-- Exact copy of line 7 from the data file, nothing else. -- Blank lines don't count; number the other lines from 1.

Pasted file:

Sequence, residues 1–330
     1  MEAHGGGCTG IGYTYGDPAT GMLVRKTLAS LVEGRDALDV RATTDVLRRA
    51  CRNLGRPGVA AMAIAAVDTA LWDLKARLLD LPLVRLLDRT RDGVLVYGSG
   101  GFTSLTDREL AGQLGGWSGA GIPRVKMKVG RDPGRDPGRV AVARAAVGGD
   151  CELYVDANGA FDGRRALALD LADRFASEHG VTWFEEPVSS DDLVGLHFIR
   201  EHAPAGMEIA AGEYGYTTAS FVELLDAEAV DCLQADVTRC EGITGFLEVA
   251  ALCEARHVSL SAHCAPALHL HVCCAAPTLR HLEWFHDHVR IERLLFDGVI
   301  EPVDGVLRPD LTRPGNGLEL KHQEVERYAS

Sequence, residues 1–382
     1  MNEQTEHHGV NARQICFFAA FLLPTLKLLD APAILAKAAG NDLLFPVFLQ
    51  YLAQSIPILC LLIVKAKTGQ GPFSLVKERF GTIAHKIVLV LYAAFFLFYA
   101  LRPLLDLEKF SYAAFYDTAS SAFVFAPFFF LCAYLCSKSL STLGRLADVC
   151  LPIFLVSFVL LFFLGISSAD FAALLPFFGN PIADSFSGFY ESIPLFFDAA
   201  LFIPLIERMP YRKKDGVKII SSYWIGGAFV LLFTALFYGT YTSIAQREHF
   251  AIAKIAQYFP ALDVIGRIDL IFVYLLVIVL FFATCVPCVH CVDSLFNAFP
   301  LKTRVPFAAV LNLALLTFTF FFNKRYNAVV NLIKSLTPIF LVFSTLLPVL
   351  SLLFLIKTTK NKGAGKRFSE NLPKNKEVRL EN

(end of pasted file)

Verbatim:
   251  ALCEARHVSL SAHCAPALHL HVCCAAPTLR HLEWFHDHVR IERLLFDGVI